Sunday, December 22, 2013

Joseph Green and the Christmas Rose

The Christmas Rose (Helleborus Niger)
from Wikipedia Commons
by Archenzo Moggio (Lecco)

Throughout the year I look for family history stories which apply to Christmas. I found one for this year, but I must warn you, it is a little sad. In my research in British newspapers this year I came across a story about my three times great grandfather, Joseph Green. Now, to clarify, this is the great grandfather of my maternal grandfather, William Sanderson, and not one of the Greens related to my maternal grandmother, Alice Sanderson, nee Saunders.

A little background: Joseph Green was born about 1819 in March, Cambridgeshire, England, the son of Joseph Green and Ann Banes. He was baptised on August 2, 1819 at the Church of St. Wendreda. He married Mary Pepper, nee Smart, also known as the “widow Pepper” on December 23, 1841, the same year her first husband died. She had two small children, Jonathan, 5, and Elizabeth Ann, 4, from her first marriage. Mary was born about 1815 in Downham Market, Norfolk, and was the daughter of John Smart and Elizabeth Wanford. Joseph and Mary (see, already a Christmas connection) went on to have at least five children together, including Joseph, (my great great grandfather), Susannah, Ann, Joanna, and Grace.

The Joseph Green of our story had a few different occupations during his life, including operating an alehouse, and being a “carter” far away in Lancashire, possibly for a coal mine or a quarry. He also had a farm, more of a smallholding, of about sixteen acres, on Whittle End Road in March. Some of the newspaper stories I have found which seem to apply to him, may also apply to his father, Joseph Green, who was also a farmer of a smallholding in March, of about ten acres. Unfortunately, Joseph Green the elder met his end at the age of seventy-one due to falling off a “load of peas” in August of 1862.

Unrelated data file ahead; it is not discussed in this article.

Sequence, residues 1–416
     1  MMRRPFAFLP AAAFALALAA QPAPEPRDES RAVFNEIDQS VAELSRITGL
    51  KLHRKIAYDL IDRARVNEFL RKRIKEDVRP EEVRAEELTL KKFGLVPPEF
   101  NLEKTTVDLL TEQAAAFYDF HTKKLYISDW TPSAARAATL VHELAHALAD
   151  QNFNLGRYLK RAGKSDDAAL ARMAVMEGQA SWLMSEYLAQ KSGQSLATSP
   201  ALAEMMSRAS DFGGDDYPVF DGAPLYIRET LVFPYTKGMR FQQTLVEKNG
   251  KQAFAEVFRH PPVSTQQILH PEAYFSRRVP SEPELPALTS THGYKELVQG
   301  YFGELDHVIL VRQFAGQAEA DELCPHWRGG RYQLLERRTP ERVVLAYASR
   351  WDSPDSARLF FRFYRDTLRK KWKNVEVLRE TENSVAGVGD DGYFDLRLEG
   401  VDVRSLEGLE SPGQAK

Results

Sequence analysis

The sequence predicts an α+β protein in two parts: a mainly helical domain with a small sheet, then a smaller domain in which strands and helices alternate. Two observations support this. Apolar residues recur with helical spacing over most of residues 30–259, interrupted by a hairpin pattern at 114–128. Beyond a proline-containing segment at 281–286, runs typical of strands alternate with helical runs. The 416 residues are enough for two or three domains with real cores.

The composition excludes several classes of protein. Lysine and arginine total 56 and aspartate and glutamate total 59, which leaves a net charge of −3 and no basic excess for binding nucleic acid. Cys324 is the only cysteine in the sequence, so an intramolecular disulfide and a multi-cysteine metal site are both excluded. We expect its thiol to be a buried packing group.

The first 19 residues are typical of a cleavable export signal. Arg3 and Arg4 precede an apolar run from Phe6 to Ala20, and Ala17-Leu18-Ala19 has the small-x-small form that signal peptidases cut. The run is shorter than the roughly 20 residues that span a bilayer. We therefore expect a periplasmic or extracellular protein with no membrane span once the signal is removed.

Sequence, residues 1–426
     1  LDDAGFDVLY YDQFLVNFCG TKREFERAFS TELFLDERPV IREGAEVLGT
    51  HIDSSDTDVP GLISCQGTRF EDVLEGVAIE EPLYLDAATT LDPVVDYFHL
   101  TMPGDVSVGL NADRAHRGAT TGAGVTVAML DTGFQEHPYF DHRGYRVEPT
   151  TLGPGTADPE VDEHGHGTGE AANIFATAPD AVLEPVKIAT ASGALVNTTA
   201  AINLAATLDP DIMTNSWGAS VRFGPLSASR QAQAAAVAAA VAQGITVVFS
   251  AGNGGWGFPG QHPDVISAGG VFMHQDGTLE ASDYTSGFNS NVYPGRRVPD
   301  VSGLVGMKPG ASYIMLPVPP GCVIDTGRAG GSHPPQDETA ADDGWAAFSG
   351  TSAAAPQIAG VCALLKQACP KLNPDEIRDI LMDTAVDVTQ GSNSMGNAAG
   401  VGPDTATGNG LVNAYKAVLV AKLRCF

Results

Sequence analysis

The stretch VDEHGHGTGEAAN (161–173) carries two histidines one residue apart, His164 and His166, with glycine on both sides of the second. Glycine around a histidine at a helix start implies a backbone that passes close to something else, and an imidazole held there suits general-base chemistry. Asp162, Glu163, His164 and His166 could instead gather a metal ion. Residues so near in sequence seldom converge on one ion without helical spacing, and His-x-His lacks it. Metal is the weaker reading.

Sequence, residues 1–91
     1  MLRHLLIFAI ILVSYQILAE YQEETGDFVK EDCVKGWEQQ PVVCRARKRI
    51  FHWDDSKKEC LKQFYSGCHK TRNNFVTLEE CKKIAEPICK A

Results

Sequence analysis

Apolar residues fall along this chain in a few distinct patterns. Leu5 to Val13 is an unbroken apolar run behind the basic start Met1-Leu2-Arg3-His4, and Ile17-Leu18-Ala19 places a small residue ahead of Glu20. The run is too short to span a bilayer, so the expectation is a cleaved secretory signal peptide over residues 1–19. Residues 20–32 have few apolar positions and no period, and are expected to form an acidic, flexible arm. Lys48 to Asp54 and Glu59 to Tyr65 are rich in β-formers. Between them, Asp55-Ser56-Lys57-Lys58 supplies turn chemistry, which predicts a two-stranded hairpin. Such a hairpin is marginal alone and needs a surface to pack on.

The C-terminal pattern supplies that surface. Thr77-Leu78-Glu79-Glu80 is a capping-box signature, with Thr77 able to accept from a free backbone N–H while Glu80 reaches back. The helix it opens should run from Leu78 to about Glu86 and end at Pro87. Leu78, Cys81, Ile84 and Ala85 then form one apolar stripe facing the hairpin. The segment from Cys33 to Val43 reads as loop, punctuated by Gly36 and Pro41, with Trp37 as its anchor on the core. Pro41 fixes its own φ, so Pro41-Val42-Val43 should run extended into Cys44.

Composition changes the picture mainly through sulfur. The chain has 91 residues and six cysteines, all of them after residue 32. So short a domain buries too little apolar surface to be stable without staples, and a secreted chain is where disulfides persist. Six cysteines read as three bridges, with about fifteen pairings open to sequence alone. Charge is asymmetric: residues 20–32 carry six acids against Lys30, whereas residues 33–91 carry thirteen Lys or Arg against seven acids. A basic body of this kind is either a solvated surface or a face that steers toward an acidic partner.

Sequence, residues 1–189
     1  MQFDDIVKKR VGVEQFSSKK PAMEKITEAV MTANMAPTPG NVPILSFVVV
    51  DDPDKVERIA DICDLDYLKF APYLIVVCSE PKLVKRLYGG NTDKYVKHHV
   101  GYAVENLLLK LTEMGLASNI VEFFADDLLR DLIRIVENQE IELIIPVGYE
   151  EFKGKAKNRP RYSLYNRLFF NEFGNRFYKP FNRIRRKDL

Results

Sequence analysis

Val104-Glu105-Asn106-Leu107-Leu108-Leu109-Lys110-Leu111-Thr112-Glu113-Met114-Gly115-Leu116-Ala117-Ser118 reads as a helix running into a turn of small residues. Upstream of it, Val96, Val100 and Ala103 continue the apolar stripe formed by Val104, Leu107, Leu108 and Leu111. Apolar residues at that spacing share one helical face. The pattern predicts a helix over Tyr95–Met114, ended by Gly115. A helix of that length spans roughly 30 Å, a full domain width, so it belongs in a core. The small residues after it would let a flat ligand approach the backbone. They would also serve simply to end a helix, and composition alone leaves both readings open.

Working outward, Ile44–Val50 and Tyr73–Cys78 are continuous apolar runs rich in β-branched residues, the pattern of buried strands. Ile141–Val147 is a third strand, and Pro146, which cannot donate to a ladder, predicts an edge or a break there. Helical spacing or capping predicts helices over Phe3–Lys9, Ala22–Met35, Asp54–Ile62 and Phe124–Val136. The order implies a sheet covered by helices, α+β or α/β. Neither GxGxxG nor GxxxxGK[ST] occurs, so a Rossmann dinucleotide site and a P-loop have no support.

from Cambridge Independent Press, August 23, 1862
accessed via Find My Past
So, one of the Joseph Greens grew a plant called Helleborus Niger in his garden, a plant which was also known as the Christmas Rose. There is a legend that it got its name because it sprouted out of the snow from the tears of a young girl who had no gifts to give the Christ child in Bethlehem. Apparently, it has been a favourite among cottage gardeners because it continues to flower in the midst of winter. It is also poisonous. I found the following article in The Cambridge Independent Press, dated December 29, 1860:


The “Tuesday last” of that week referred to in the article would have been Christmas Day. So, to recap:  Joseph and Mary may have awakened on Christmas morning in 1860 to find that several of their precious sheep had died from eating the Christmas roses in their garden. Where were the shepherds when they needed them?

1 comment:

Susan J Barclay said...

Lovely story, Sherry. Thank you for sharing it. I used to have helleborus in my garden, but I didn't think it was poisonous. Perhaps it wasn't helleborus niger. Anyway, no harm done in my garden.
I also enjoyed the newspaper clipping about the accidental death of Joseph Green senior.
Look forward to reading many of your other posts.
Cheers,
Susan in Oz